About this column: There are many diverse opinions on what’s best to feed a dog. This column takes a ‘moderate’ approach to nutrition with an emphasis on treating each dog as an individual. There’s no single ‘best’ diet for all; what’s right for one dog isn’t always perfect for the next. Debates about raw versus cooked and grain versus no grain (among other things) abound. My goal with this column is to provide an over-arching look at the basic principles of nutrition for those just getting started with the move away from highly processed diets such as kibble and cans to a fresher and more varied way of feeding.
A commonsense look at what your dog eats
Your dog’s diet is comprised of several different categories of food. In this article, we explore what those categories are, what value they hold for your dog, and what emphasis should be placed on each of them as you select what to offer for dinner.
Meat and fish should form the lion’s share of most canine (and all feline) diets. They are the most important sources of protein and the most biologically appropriate sources of amino acids, which are the building blocks of life.
The dog’s teeth and jaws are designed for gnawing on meaty bones and the mouth is where digestion begins for most components of the diet (except for kibble, which tends to be ‘gulped’ and swallowed whole). Most protein digestion takes place in the stomach, where protease (the digestive enzyme that digests protein) is secreted, along with pepsinogen which is ‘activated’ by the stomach’s hydrochloric acid. In addition to muscle meats, many owners incorporate organs such as liver and kidney into their dogs’ diets. These contain rich sources of nutrients which are not present in muscle meat but most holistic vets recommend only feeding organs a couple of times each week. If possible, try to feed only organic organs, since the liver especially can be contaminated with toxins from pesticides, medications and other chemicals which conventional animals are exposed to.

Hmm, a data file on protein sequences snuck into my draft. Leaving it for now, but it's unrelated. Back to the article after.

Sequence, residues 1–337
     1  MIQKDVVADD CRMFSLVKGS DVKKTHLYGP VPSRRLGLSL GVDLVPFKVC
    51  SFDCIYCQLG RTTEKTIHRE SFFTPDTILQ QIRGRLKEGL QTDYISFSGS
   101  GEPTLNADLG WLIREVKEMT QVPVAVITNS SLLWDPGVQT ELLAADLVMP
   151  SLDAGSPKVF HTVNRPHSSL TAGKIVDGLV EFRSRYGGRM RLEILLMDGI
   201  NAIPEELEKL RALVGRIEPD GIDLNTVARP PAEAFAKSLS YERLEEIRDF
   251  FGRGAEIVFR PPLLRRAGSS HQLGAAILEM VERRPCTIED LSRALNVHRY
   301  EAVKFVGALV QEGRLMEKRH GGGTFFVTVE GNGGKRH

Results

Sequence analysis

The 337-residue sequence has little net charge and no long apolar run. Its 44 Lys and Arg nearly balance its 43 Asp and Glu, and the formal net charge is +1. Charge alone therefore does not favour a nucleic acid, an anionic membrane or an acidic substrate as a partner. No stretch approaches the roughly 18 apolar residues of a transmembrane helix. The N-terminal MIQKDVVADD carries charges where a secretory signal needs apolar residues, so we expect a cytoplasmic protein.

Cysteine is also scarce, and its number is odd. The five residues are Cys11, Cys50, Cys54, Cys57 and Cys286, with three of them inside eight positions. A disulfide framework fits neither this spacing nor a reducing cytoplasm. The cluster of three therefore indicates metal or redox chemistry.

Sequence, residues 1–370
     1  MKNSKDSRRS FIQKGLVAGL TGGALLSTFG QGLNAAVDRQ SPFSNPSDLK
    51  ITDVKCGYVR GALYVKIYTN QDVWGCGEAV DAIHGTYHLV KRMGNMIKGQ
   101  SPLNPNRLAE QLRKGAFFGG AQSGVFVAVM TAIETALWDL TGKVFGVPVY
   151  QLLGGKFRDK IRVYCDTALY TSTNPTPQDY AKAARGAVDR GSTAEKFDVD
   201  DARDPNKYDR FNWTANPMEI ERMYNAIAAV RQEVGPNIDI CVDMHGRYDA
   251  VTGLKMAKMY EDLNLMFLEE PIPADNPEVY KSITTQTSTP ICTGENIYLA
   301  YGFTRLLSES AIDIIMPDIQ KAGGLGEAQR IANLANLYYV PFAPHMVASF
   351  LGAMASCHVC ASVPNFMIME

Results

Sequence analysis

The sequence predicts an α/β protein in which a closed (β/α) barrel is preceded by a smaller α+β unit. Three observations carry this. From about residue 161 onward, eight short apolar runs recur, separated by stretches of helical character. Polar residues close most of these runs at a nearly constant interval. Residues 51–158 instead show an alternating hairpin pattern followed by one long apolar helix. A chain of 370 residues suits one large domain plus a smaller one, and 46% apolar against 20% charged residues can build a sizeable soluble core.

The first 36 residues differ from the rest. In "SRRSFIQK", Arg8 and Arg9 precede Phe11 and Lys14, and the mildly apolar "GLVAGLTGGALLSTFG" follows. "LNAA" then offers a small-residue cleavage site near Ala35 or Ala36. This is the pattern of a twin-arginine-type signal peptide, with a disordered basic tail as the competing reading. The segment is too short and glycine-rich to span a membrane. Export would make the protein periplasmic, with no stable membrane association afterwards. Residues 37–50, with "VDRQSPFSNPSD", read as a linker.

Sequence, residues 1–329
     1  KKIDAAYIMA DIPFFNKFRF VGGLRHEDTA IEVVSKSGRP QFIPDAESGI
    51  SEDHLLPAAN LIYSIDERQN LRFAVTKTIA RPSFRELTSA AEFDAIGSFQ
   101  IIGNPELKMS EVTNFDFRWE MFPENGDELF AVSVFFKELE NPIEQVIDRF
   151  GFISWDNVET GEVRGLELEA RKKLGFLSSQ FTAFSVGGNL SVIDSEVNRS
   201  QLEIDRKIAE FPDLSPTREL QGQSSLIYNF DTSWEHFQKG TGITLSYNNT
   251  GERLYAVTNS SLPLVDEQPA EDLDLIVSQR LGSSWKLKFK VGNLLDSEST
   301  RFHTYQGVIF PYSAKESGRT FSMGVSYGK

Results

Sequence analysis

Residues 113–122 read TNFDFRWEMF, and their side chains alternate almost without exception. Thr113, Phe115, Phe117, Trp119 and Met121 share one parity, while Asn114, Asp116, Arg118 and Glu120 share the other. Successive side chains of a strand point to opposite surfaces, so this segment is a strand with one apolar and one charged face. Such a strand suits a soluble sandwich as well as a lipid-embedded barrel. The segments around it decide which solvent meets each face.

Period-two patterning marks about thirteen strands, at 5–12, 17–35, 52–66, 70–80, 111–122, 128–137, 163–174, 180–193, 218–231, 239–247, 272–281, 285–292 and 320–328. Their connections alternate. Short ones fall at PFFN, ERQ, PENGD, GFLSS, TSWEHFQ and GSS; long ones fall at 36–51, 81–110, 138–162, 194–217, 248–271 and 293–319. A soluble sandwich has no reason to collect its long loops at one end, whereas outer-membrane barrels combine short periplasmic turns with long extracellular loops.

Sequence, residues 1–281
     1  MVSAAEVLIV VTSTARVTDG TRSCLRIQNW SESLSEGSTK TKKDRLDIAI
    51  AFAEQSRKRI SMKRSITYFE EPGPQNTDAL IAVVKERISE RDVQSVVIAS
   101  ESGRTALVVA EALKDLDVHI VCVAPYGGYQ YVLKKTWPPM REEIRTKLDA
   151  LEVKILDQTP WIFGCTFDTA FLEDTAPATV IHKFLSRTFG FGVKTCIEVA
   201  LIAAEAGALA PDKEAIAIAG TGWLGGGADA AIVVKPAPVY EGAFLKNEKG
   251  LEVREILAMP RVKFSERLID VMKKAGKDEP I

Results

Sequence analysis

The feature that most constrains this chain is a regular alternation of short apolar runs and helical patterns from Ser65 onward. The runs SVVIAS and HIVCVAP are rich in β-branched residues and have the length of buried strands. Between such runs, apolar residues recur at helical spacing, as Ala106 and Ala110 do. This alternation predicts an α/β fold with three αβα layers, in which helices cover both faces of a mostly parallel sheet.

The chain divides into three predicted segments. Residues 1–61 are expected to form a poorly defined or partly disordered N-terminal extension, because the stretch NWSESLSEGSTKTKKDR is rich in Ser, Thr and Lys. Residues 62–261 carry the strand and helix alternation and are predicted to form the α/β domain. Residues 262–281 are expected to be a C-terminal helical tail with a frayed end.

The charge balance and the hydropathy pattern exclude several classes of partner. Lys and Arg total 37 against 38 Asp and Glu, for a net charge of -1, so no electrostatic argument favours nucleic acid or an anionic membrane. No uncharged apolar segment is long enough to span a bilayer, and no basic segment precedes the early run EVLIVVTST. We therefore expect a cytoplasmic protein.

While organ meat is a good source of nutrition, there’s a difference between that type of offal and meat by-products, which are used in many well known, poorer quality brands of commercial food. Such by-products lack decent nutrition, are difficult to digest and often laden with chemical preservatives because they are off-shoots of other industries and not prepared with care. Animal by-products may include beaks, feet, hooves, feathers and viscera.
Eggs are another good source of protein and can be added directly to your pet’s food, raw or lightly scrambled.
Many pet owners prefer to feed only one species of protein at each meal, which is a more biologically appropriate approach and also helps to uncover food intolerances in more sensitive pets. However, most dogs will benefit from a variety of different proteins throughout the week. Non-stop consumption of one type of food (especially lamb, which is a warming meat according to the principles of Traditional Chinese Medicine, and cause excessive itching in many dogs) can actually make a dog more predisposed to food sensitivities over the longer term.